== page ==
Friday, December 29, 2006
Young professionals (who will be under the age of 30 on May 1, 2008) should keep this program in mind, and consider applying next Fall when we expect the process will open again.
Wednesday, December 27, 2006
Tuesday, December 26, 2006
Global Forum: Building Science, Technology, and Innovation Capacity for Sustainable Growth and Poverty Reduction
A background paper is available at this website.
Read the full article by Lynn Dicks on the AAAS Science Careers website (22 December 2006).
I quote extensively from the article:
Natarajan Ishwaran, director of the UNESCO Ecology and Earth Sciences division, says that the first UNESCO director-general, the distinguished zoologist Julian Huxley, fought hard to put science on UNESCO's agenda. Today, UNESCO spends one-seventh of its $610 million budget on science and employs about 200 scientists. About half of them are based at the Paris headquarters; the rest work in one of five regional and 51 field offices around the world. The job of these scientists is to co-ordinate international efforts between researchers and the public, the media, and international governments. "We are brokers," says Ishwaran, "between science and everything else."A climate scientist at UNESCO
UNESCO is keen to recruit young scientists, and those hoping to swap research for a career in intergovernmental work will find some opportunities there--provided they are not looking for too much job security.
UNESCO offers different entry points (see box) to people who are already involved in international research and can contribute their own ideas and contacts. Because these jobs are truly international, one of the most important credentials is the ability to speak several of the six United Nations languages. With 200 to 500 applicants for every job, competition is comparable to what it is for good faculty science jobs--which isn't surprising considering the tax-free pay, 30 days of annual leave, expenses to travel home, and for dependent children extra pay and educational grants all the way through university. The nature of the work is attractive too. "Intergovernmental work is seductive to young scientists," says Patricio Bernal, an assistant director-general at UNESCO, because it has the potential to change things for the better, on a global scale.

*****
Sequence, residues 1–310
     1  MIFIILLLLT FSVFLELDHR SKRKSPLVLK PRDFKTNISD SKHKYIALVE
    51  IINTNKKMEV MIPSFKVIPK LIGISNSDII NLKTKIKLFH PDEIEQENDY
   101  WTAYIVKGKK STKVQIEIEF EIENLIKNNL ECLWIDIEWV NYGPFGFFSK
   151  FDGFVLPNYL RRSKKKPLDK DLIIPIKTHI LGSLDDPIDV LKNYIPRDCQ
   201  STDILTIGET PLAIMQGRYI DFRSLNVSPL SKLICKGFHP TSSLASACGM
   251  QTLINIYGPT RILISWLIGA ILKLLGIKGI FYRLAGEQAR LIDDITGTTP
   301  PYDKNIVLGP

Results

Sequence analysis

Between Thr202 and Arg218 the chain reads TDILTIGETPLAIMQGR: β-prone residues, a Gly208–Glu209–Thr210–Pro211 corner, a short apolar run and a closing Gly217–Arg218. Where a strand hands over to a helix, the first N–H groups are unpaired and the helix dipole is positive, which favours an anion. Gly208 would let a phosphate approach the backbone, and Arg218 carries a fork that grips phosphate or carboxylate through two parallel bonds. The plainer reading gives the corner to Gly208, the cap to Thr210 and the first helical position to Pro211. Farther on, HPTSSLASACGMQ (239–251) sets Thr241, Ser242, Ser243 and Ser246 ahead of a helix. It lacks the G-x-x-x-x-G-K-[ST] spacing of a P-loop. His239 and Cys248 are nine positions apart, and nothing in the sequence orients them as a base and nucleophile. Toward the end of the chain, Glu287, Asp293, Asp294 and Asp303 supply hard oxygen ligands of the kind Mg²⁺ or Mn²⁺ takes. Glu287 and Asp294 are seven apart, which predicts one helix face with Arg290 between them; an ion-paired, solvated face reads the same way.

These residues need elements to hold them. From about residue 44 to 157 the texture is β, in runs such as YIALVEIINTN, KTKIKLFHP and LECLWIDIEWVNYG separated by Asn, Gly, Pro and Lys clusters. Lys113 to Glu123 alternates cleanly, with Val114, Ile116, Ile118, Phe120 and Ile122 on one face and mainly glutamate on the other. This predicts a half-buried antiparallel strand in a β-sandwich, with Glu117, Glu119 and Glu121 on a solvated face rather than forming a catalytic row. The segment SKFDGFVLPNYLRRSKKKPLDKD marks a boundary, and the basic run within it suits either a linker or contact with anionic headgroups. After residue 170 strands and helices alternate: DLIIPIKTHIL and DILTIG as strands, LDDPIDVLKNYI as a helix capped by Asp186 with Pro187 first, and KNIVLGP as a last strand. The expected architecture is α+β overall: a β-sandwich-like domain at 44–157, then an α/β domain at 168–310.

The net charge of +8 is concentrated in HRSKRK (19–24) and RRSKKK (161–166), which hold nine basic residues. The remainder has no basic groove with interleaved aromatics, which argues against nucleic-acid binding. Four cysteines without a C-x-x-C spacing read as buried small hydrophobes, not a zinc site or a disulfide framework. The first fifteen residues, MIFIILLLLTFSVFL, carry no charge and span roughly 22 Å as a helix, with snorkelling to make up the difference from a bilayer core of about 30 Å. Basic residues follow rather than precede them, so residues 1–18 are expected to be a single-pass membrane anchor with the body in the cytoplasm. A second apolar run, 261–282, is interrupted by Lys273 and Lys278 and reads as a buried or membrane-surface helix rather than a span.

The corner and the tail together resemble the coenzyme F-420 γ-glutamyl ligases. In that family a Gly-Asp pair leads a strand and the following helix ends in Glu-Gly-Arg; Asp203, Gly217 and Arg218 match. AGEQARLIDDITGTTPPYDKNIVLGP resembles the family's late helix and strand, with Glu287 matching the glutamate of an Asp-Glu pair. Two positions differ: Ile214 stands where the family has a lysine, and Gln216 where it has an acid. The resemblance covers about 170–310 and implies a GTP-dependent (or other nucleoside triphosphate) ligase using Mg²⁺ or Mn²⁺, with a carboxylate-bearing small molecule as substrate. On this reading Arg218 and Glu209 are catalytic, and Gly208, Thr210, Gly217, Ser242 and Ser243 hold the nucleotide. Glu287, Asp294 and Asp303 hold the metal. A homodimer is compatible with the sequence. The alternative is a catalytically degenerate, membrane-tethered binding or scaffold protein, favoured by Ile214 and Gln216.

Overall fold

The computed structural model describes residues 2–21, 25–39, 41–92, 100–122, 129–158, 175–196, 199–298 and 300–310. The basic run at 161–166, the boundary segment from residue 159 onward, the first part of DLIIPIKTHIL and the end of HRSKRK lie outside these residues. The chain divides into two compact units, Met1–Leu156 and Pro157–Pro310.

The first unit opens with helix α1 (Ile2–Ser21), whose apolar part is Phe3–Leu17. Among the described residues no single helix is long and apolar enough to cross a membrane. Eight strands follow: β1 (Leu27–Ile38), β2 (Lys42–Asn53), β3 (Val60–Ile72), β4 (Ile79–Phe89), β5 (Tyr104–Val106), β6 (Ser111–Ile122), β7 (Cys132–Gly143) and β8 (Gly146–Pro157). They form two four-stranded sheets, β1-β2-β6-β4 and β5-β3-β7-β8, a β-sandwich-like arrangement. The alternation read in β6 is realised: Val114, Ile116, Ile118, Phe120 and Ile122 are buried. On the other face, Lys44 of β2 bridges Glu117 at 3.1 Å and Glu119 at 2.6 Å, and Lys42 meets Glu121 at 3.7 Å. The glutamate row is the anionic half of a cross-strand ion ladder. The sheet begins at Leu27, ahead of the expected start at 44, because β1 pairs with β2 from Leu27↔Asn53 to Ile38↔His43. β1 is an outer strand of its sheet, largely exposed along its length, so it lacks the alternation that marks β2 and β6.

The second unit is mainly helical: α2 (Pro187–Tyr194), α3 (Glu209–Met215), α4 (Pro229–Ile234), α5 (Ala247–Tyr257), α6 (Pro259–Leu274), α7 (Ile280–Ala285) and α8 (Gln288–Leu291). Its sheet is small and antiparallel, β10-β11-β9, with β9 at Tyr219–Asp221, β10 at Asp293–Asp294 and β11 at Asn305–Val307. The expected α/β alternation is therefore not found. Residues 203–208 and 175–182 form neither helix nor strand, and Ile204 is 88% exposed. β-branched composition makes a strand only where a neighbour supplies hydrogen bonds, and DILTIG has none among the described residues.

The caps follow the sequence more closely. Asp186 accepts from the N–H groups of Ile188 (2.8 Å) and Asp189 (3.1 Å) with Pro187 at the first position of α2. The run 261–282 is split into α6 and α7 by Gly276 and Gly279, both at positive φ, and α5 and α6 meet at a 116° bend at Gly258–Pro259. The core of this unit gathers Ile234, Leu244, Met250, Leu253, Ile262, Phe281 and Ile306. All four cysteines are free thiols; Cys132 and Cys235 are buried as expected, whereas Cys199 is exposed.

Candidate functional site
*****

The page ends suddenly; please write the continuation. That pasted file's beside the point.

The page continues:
Albert Fischer, a Swiss-American oceanographer who speaks French and English and is learning Spanish, has been working for 2 years at the UNESCO Intergovernmental Oceanographic Commission (IOC) in Paris, where he co-ordinates a group of academic scientists charged with deploying a global ocean-observation system to help predict the climate. Fischer recently presented work to a meeting of the U.N. Framework Convention on Climate Change. "It was very exciting," says Fischer. "I was out of my realm. Here in Paris, I work alongside other oceanographers. There, I was presenting to ministers of state."Young scientists from the United States should contact the State Department's UNESCO office for help in getting a job with UNESCO. Let us know at Americans for UNESCO if we can help!
Today the Director-General of UNESCO, Koïchiro Matsuura, announced a new partnership between UNESCO’s Intergovernmental Oceanographic Commission (IOC), which has coordinated the planning and implementation of this system, and the global satellite communications leader, INMARSAT, provides free satellite communication links to 50 sea-level sensors in the Indian Ocean, making this part of the tsunami warning system the most advanced real-time sea-level network in the world.
In making the announcement he remarked:
UNESCO’s IOC is committed to helping all countries in the world’s danger zones to building their national warning systems as part of the global tsunami and other ocean-related hazards warning system, right down to the last mile. I am pleased to report that real progress has been achieved in the Indian Ocean and work is well underway on warning systems for the North Eastern Atlantic and Mediterranean Region and the Caribbean, and the upgrading of the system in the Pacific. It must continue.